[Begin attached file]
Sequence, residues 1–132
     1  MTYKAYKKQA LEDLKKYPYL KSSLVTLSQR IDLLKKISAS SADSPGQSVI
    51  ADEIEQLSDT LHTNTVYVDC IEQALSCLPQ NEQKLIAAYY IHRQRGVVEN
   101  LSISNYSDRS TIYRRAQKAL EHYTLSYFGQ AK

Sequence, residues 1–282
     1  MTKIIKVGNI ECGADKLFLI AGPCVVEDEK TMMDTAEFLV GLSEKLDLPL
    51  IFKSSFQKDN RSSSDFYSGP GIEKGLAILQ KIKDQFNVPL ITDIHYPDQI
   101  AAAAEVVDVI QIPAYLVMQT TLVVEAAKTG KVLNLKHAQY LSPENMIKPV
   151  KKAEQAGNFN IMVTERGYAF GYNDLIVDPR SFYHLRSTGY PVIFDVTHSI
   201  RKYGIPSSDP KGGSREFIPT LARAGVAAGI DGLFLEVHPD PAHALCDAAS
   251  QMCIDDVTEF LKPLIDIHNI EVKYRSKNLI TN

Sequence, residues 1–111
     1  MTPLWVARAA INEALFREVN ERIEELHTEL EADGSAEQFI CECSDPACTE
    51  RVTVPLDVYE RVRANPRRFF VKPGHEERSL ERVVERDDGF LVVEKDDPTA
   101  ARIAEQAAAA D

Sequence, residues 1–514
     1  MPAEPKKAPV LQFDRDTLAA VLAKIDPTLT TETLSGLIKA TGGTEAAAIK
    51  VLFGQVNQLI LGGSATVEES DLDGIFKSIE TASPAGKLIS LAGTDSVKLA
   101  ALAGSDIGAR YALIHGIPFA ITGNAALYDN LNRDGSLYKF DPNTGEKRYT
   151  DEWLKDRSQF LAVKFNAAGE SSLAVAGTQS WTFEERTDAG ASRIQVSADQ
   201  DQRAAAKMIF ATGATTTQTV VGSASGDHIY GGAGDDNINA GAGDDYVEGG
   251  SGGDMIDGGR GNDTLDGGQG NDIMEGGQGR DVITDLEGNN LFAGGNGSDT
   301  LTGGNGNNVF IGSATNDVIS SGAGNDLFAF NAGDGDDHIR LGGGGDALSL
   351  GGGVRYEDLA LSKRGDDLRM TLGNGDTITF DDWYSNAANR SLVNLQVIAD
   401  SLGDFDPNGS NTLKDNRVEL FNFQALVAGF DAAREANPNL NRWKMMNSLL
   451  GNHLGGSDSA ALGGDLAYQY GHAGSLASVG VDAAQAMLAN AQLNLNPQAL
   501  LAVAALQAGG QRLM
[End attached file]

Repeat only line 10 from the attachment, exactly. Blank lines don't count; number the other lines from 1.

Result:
   201  RKYGIPSSDP KGGSREFIPT LARAGVAAGI DGLFLEVHPD PAHALCDAAS